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Message from the ASPI Chairman and the Executive Director

Clear strategic thinking and the value of contestable policy advice are never more important than
in moments of crisis. With the world enduring the worst health pandemic in a century,
an economic downturn second only to the Great Depression of the 1920s and 1930s, and
challenges to the international rule of law from authoritarianism and from democratic malaise,
2019–20 will be remembered as a dark and difficult year. Indeed, in launching the Government’s
2020 Defence Strategic Update and the 2020 Force Structure Plan at the Australian Defence Force Academy on 1 July 2020, Prime Minister Scott Morrison observed: ‘This simple truth is this: even as we stare down the COVID pandemic at home, we need to also prepare for a post-COVID
world that is poorer, that is more dangerous, and that is more disorderly.’

The team at ASPI worked hard during the year to meet the objectives set for the institute in its
foundation Charter letter:
  First, to provide alternative sources of input to Government decision-making processes on
major strategic and defence policy issues.
  Second, ASPI is intended to help nourish public debate and understanding.
  Third, the Government believes that Australia needs to invest in nurturing a body of men
and women, working both inside and outside Government, who are expert in the strategic
policy issues faced by Government.

From mid-March 2020, like much of the Australian workforce, ASPI staff worked remotely
for several months before a staged return to the office. We are very proud of the efforts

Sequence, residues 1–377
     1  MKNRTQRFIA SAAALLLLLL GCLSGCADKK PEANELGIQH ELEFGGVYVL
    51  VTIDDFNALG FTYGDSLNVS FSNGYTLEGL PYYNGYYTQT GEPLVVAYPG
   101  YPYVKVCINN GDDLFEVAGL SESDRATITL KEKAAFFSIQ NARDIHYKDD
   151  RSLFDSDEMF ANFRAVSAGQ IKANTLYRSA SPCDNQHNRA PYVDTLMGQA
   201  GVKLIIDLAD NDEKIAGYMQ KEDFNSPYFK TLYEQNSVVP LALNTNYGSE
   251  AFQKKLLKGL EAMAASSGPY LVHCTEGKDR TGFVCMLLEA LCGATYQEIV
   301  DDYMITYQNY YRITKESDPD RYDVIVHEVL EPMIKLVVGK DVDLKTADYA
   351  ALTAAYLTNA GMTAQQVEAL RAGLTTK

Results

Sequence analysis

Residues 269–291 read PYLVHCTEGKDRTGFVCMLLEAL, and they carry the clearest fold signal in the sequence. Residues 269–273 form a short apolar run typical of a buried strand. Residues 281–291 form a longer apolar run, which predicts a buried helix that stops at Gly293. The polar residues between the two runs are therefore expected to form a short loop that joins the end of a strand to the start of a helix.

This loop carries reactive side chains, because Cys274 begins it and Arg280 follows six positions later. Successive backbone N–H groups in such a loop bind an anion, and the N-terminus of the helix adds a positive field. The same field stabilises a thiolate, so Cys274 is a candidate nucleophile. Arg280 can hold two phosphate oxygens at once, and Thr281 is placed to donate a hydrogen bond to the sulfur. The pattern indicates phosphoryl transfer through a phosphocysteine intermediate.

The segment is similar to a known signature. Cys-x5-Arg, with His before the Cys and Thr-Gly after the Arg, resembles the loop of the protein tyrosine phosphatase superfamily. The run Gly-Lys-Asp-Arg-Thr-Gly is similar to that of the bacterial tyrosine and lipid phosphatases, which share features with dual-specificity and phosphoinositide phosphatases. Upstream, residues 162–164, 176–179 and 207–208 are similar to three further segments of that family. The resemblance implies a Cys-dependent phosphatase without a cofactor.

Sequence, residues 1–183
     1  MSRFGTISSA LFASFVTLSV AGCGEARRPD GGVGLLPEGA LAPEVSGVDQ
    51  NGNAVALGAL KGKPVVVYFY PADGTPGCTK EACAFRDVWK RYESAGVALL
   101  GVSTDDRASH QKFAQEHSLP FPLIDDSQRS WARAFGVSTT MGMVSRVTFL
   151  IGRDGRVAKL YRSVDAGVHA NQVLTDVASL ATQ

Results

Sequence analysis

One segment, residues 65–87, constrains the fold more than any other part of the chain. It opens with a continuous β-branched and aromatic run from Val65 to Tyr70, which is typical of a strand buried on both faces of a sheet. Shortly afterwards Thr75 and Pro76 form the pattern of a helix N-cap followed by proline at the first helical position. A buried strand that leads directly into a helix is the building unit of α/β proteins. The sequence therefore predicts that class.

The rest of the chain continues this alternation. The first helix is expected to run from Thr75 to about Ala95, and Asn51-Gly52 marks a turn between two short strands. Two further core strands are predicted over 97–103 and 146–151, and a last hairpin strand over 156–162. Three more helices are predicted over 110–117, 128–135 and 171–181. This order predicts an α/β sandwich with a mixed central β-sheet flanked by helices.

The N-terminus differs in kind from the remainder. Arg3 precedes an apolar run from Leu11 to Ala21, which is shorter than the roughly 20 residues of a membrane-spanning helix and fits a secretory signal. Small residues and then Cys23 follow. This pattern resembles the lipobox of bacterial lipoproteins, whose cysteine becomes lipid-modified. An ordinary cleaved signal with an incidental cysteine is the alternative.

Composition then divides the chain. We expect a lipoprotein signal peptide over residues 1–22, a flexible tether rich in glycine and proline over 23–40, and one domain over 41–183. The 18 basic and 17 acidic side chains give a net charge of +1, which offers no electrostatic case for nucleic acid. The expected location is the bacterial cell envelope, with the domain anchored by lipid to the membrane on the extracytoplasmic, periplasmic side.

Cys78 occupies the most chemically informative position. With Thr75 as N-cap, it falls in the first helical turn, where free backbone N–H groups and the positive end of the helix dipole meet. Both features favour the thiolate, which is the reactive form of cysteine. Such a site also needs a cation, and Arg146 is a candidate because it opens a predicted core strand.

of our staff. Despite the challenges, they have continued to produce high-quality research
with an Australian and indeed global policy impact. This 2019–20 annual report shows
continued growth in staff numbers, a widening funding base and a substantial upswing in our
publications through many channels and covering many issues.

ASPI continues to be prominent in explaining the trajectory of Australia–China relations and
locating in in the wider context of the shifting geopolitical balance. We see this as essential
work, providing a broader context in which to understand government decision-making on legislation designed to prevent covert foreign interference in Australian political and economic life. ASPI remains heavily engaged with parliamentarians, officials, the diplomatic corps, industry and the media on China and other subjects central to Australia’s path to recovery from Covid-19, a return to healthy economic growth and strengthened national security.

The annual report also shows significant growth in funding support from some international partners. In common with many think tanks, universities and research institutions, ASPI depends on multiple sources of funding to grow our expertise and operations. The report shows this in detail. It is important to state that, in entering any financial relationship, ASPI insists on maintaining complete independence in its editorial judgements. Indeed, that independence is why people see value in sponsoring ASPI work and why so many people consider ASPI to be a touchstone of sound judgement and analysis.

We thank Professor Joan Beaumont AO, the Hon David Johnston and Mr Jim McDowell, who have completed their terms on the ASPI Council, for their valued contributions to the council. We welcome Ms Gai Brodtmann, Dr Lavina Lee and the Hon Dr Brendon Nelson AO to the council and look forward to working with them as ASPI looks towards the 20th anniversary
of the institute’s founding in 2021.

We would like to thank the Minister for Defence, Senator the Hon Linda Reynolds CSC, for her continuing close personal engagement and support, as well as the Defence Department,
the Australian Defence Force and our many sponsors.

Kenneth Gillespie (Chairman)
Kenneth Gillespie (Chairman)

Peter jennings (Executive Director
Peter jennings (Executive Director